Thursday, May 29, 2008

Road Dogs; Stephen Marlowe

Subterranean Press is offering a free novella by none other than Norman Partridge.

Road Dogs is a supernatural noir or a noir supernatural. It works well as both.

Partridge is well known for his striking imagery, the sinners who fascinate him (nobody in a Partridge story is ever quite innocent, even the good people) and storylines that are impossible to predict.

You'll find all these on display in this swift, tense and eerie story of a prodigal brother who returns home to find out if his sister's death was really an accident. Partridge sets his story in a desert that is both real and spiritutal. His true ear brings his people alive in just a few lines and his blue collar milieu is as honestly detailed as Stephen King's was in his early novels.

This is a fine addition to Patridge's growing body of unique and excellent work. Read it for yourself.


Obituary of Stephen Marlowe from Guardian UK (Thanks to rara Avis for the tip)

Stephen Marlowe

US sci-fi and crime writer and early star of Gold Medal books

Michael Carlson
Thursday May 29, 2008
The Guardian

Although best-known for his series of pacey novels featuring the private eye Chester Drum, Stephen Marlowe, who has died after a long illness aged 79, was a prolific author who produced more than 60 novels under a variety of names, including his own.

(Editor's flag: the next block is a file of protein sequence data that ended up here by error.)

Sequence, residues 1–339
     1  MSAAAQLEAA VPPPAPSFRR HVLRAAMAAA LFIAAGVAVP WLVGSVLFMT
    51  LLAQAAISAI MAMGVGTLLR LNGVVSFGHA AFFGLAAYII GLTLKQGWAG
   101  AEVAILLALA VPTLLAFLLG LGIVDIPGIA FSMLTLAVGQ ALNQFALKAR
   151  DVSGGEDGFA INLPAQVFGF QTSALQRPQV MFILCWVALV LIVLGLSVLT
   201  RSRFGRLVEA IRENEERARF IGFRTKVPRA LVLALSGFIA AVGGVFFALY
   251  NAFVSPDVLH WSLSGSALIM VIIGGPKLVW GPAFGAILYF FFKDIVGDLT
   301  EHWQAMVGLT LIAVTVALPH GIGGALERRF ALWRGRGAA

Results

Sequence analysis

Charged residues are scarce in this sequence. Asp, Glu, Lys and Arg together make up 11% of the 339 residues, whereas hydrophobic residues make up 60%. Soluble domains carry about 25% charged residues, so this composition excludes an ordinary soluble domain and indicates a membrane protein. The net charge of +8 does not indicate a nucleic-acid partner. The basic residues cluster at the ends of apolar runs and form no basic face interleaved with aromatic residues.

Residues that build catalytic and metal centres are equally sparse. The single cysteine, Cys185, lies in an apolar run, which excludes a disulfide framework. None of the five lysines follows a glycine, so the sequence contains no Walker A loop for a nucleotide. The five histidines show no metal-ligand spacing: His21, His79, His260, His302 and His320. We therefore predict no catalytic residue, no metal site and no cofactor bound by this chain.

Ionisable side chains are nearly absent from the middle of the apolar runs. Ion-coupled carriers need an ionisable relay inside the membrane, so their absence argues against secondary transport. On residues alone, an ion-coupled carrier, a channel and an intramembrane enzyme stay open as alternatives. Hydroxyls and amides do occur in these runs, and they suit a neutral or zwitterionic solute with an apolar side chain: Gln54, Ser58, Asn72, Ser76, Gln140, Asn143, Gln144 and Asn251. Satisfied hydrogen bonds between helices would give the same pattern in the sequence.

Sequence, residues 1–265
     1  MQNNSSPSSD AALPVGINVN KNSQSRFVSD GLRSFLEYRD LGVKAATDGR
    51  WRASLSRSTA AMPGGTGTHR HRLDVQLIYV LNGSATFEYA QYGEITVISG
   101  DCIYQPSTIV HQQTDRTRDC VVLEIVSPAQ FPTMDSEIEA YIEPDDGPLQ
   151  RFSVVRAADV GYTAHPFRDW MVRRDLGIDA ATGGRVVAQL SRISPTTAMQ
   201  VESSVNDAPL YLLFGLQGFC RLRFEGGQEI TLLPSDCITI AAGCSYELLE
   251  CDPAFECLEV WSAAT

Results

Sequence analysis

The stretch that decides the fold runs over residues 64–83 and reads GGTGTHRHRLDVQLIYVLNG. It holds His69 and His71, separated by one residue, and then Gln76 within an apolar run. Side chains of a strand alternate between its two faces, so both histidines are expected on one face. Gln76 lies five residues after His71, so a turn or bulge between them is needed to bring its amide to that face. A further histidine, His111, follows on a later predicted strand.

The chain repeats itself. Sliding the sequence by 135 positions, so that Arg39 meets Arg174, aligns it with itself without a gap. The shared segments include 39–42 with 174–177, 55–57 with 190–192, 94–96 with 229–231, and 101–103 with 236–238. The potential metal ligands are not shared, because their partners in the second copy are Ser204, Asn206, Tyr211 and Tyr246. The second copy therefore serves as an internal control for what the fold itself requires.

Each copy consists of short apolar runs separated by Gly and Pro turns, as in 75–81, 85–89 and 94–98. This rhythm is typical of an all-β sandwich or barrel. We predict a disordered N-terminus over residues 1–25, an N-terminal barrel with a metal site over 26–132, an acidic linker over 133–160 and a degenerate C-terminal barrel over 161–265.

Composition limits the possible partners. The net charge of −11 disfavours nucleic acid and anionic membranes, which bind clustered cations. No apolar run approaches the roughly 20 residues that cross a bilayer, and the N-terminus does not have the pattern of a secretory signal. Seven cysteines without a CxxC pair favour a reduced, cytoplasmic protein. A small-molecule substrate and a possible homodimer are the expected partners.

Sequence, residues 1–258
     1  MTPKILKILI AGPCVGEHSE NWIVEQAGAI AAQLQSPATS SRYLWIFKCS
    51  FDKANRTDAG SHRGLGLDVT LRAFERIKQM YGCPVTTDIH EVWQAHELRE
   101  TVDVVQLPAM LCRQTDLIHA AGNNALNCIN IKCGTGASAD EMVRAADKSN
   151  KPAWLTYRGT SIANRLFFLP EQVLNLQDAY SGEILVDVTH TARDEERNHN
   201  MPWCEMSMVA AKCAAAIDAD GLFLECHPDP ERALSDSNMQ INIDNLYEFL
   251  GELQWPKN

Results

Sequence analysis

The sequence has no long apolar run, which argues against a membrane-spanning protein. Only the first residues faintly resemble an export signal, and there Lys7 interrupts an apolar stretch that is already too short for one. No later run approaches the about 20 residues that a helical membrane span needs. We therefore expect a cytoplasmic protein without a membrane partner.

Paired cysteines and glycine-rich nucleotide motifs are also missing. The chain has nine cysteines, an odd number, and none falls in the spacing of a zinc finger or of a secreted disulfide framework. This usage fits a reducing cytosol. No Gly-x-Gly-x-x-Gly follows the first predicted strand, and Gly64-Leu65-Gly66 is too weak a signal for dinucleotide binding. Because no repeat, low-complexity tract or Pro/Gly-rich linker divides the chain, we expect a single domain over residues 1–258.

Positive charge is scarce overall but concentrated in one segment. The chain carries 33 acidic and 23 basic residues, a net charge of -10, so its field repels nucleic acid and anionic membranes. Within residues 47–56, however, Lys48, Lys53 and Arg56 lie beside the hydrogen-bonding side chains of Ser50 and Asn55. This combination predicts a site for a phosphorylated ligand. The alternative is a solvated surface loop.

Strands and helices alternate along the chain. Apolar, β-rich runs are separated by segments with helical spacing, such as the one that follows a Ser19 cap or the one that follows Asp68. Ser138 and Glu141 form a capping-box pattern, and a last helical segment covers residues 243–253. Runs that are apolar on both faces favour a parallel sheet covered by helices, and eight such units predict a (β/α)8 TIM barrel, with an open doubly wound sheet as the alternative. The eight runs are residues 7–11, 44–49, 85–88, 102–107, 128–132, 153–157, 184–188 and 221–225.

Marlowe was born Milton Lesser in Brooklyn, New York. He sold his first science-fiction novel, Somewhere I'll Find You, while studying philosophy at the College of William & Mary in Williamsburg, Virginia. After military service in Korea, he was tipped off by science-fiction editor Damon Knight about an opening with the Scott Meredith literary agency.

Article continues
Meredith, who dreaded advertising an editorial job that would attract literary "wannabes", was rare among agents. Besides traditional representation, his other business was critiquing, for a fee, manuscripts submitted by aspiring authors. Many struggling writers took jobs as editors with Meredith and went on to prolific careers, including Donald Westlake and Lawrence Block. In fact, as the new chief editor, Marlowe's first hiring was one Salvatore Lombino, who would become first Evan Hunter and then Ed McBain.

For the rest go here,,2282498,00.htm

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